Pfizer Inc. (NYSE: PFE) today announced that the first participant has been dosed in the Phase 3 CIFFREO study, which will evaluate the efficacy and safety of investigational gene therapy candidate PF-06939926 in boys with Duchenne muscular dystrophy (DMD). The CIFFREO trial is expected to enroll 99 ambulatory male patients, ages 4 through 7, across 55 clinical trial sites in 15 countries. The first patient was dosed at a site in Barcelona, Spain on December 29, 2020.
CIFFREO is a Phase 3 global, multicenter, randomized, double-blind, placebo-controlled study. The primary endpoint of the study is the change from baseline in the North Star Ambulatory Assessment (NSAA) at one year. The NSAA is a 17-item test that measures gross motor function in boys with DMD. Regardless of cohort, eligible participants are scheduled to receive the investigational gene therapy, either at the start of the study or after one year following treatment with placebo. Participants will be followed in the CIFFREO study for five years after treatment with the investigational gene therapy. Trial participants will receive commercially representative drug product manufactured at Pfizer’s state-of-the-art gene therapy manufacturing facility in Sanford, North Carolina.
“The initiation of our pivotal trial, which is the first Phase 3 DMD gene therapy program to begin enrolling eligible participants, is an important milestone for the community because there are currently no approved disease-modifying treatment options available for all genetic forms of DMD,” said Brenda Cooperstone, MD, Chief Development Officer, Rare Disease, Pfizer Global Product Development. “We believe our gene therapy candidate, if successful in Phase 3 and approved, has the potential to significantly improve the trajectory of DMD disease progression, and we are working with worldwide regulatory authorities to initiate this program as quickly as possible in other countries.”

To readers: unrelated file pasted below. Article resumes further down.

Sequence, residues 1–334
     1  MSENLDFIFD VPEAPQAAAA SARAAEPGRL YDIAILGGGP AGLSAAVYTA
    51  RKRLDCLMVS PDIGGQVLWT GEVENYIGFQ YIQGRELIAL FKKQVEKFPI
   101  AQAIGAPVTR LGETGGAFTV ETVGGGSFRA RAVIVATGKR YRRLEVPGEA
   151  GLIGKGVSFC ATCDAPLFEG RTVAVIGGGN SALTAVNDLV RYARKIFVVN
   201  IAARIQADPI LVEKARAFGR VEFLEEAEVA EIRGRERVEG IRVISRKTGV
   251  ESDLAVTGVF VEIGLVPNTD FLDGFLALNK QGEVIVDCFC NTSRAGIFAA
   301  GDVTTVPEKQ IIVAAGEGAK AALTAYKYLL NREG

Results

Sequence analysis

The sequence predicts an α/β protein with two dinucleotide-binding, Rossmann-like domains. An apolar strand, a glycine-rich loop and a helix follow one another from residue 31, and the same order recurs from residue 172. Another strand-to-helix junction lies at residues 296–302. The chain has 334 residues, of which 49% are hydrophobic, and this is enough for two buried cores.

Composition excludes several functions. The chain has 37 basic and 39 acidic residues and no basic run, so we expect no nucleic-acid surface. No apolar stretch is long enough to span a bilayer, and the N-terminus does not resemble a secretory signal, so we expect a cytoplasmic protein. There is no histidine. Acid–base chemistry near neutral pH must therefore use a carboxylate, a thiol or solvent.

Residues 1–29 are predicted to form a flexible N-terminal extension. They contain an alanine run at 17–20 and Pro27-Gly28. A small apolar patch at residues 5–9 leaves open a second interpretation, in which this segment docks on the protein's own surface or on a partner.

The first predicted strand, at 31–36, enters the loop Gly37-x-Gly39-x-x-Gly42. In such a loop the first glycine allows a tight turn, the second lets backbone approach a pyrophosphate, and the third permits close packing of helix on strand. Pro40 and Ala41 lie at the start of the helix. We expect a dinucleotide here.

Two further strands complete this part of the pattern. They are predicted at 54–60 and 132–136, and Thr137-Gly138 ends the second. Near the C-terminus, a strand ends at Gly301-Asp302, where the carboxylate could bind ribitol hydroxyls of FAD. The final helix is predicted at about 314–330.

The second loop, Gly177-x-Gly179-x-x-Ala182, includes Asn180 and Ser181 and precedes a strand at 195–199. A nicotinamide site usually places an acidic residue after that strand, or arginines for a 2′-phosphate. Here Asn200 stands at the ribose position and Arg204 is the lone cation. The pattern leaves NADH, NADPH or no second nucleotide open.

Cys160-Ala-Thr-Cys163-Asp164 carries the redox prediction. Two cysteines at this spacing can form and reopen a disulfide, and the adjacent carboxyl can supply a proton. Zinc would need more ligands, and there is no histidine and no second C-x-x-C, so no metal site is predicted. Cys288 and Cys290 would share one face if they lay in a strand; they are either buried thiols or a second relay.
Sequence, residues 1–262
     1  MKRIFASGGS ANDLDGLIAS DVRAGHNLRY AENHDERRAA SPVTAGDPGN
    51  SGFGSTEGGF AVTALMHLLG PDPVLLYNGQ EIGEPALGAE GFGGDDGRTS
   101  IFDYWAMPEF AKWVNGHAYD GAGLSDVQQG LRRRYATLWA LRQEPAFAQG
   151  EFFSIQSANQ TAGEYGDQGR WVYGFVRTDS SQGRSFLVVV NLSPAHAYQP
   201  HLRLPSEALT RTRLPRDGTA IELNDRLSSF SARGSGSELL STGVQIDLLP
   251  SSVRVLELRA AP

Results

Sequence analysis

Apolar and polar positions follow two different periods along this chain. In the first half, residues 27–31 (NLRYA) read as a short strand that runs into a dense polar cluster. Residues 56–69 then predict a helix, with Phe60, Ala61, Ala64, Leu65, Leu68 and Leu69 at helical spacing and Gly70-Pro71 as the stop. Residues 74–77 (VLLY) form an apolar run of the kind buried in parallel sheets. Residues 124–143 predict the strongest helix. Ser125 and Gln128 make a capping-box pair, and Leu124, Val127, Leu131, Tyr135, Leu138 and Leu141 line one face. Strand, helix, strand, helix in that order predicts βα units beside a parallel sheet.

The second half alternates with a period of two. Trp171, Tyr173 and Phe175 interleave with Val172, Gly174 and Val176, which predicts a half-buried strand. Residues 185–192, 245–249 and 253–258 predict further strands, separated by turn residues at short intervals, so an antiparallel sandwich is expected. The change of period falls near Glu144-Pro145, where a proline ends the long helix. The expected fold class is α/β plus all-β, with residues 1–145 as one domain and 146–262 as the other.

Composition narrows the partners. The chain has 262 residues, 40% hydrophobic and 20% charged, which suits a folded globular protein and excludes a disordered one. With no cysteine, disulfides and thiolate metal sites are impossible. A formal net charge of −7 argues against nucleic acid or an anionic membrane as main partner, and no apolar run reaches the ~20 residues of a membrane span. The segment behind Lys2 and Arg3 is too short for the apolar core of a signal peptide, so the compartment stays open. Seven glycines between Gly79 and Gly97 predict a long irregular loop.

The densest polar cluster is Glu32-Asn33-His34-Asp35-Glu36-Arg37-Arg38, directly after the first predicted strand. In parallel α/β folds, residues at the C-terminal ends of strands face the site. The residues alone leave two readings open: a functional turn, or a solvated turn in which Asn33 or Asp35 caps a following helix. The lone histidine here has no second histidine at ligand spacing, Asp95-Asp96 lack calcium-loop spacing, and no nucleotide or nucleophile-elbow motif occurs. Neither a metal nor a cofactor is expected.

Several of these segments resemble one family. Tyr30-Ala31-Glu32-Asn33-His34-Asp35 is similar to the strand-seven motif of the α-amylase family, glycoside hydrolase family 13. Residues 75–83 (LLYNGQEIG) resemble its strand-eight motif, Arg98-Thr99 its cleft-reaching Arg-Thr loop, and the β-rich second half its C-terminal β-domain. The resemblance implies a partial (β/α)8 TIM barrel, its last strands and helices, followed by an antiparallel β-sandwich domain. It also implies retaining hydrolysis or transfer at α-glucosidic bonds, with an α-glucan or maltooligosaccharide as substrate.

PF-06939926 received Fast Track designation from the U.S. Food and Drug Administration in October 2020, as well as Orphan Drug and Rare Pediatric Disease designations in the United States in May 2017.
“DMD is a progressive disorder, and patients and parents are waiting desperately for treatment options,” said Silvia Avila, President, Duchenne Parent Project Spain. “The initiation of this study is an important step forward for this community, and it fuels us with hope that one day there may be treatment options for boys impacted with this devastating disease.”
DMD is an X-linked disease that is caused by mutations in the gene encoding dystrophin, which is needed for muscle membrane stability. Due to the lack of dystrophin, boys present with muscle degeneration that progressively worsens with age to the extent that they require wheelchair assistance when they are in their early teens, and unfortunately, usually succumb to their disease by the time they are in their late twenties. It is estimated that there are ~140,000 boys affected with DMD worldwide and approximately 30,000 in the United States and Europe.